– Not that you can tell on his linebacker frame, but Miguel Sano lost 7 pounds to a stomach virus over the weekend, and even described himself as feeling “a little bit weak” at the plate.

He’s not weak anymore. No coincidence — neither is the Twins lineup.

The Twins cleanup hitter broke an 0-for-16 drought with a first-inning double, and Max Kepler shrugged off a 1-for-16 week of his own with an RBI single and a two-run homer, and the Twins finally beat the Red Sox in Fenway Park 4-1 on Wednesday night.

“I’ve been feeling a little bit weak coming into today,” said Sano, who was so waylaid by his illness, he sat out two games during the Twins’ three-game sweep at Cleveland over the weekend. “But I took the medication, and I feel fine now.”

That’s good, because Sano might need his strength. According to a social media report in the Dominican Republic, he has been invited to take part in the Home Run Derby in Miami next month, a topic he declined to address after the game.

For now, he said, he has a more pressing concern. “I’m the type of player,” he said, “who worries when the team doesn’t win.”

The Twins looked a bit sick in two consecutive losses here, scoring a single run in only three of their 18 innings. They hadn’t held a lead on Boston in their past four meetings. But that all changed in the first inning Wednesday. With two out, Joe Mauer doubled off the wall vs. reigning AL Cy Young Award winner Rick Porcello, and Sano followed by smashing a line drive down the left-field line for a double of his own.

“It’s kind of obvious: If [Sano] is going well, it helps our cause because he’s an impact player,” Twins manager Paul Molitor said. “You’ve going to have some ups and downs through the year. … He’s just been in a little bit of a funk as of late.”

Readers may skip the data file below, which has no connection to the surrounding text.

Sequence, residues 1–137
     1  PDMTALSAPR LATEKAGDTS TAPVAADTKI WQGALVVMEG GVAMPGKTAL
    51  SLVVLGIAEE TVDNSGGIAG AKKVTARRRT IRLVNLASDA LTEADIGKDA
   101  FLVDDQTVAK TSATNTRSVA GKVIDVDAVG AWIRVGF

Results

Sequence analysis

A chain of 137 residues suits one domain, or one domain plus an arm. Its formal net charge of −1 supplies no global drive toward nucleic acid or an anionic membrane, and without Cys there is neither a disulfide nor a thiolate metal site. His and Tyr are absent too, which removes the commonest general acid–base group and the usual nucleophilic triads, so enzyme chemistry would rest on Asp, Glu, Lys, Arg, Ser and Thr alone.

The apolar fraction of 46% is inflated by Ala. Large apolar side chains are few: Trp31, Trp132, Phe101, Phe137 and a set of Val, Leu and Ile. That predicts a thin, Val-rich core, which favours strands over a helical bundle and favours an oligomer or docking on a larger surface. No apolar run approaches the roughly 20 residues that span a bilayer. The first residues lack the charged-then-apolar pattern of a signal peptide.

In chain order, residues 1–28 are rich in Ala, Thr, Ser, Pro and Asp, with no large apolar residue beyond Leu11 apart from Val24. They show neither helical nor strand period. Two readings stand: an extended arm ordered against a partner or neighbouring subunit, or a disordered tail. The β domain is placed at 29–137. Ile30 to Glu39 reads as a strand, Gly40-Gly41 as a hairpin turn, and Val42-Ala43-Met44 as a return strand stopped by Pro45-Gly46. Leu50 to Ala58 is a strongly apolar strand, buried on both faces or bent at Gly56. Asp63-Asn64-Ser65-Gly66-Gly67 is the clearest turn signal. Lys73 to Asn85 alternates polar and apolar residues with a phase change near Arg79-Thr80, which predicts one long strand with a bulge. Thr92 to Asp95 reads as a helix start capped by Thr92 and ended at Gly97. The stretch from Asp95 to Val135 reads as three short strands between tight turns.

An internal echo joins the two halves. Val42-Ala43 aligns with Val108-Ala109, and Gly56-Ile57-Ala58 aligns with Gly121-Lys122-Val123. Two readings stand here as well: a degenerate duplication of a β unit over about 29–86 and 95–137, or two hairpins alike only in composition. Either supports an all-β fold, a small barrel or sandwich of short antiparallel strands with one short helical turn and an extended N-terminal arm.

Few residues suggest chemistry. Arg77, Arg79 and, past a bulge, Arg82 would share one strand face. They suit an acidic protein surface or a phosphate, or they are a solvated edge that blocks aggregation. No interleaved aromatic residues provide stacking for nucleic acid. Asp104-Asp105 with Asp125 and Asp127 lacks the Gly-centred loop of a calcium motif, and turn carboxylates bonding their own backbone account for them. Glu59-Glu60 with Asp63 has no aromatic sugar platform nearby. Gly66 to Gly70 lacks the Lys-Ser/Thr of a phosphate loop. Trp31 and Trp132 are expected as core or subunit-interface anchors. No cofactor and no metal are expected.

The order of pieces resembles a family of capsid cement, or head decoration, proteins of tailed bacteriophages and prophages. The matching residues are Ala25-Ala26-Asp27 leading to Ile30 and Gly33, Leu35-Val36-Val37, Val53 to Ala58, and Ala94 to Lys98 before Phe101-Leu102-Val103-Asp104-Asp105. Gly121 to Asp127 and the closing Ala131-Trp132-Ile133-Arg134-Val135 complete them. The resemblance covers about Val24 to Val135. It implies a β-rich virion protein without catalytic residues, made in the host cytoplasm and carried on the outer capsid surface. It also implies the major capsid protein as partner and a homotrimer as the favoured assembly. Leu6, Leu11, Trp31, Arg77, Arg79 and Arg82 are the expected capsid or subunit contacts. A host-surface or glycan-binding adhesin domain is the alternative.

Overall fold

Same with Kepler, though he’s been healthy, if a little underutilized lately because the Twins have faced an unusual number of lefthanders. With the righthanded Porcello on the mound, though, the 24-year-old Kepler was restored to the middle of the order, and it paid off. Kepler followed Sano’s double by poking a looper over second baseman Dustin Pedroia’s head into right field, and Sano easily scored the inning’s second run, the Twins’ first multi-run inning in 25.

Porcello then quieted the Twins bats for the next four innings, but when he walked Sano on four pitches to open the sixth, Kepler was waiting to pounce. He fouled off an outside fastball, but when the next pitch was another fastball, low and in the middle of the plate, Kepler didn’t miss. He smacked a low line drive that carried over the fence and deflected off the top of the Red Sox bullpen, his first home run since June 15.

That was all the offense the Twins could manage, but it was enough for rookie Adalberto Mejia and his relievers. Mejia hasn’t gone deep into a game lately — he hasn’t completed six innings since June 1 — but the quality of his outings has been improving. The lefthander held Cleveland to two hits over five innings Friday, and he kept working his way out of trouble in his Fenway Park debut, too.

“He had to battle. It’s kind of becoming his MO, to burn through a lot of pitches,” Molitor said. “But similarly to his last start, he kept walking off the field with zeros.”

Mejia gave up five hits and walked only one batter Wednesday before being relieved with two outs in the sixth inning, his pitch count having reached 101. But none of those Red Sox base­runners scored. Tyler Duffey surrendered a run on a single, two walks and a groundout in the seventh to spoil the shutout, but Taylor Rogers snuffed that jam, and Brandon Kintzler finished up to earn his 21st save — tying him with Boston’s own Craig Kimbrel for the AL lead.

“Starting pitching was huge. It gave us a chance to use our guys that have been solid for us,” Molitor said. “Kintzler has had an amazing first half.”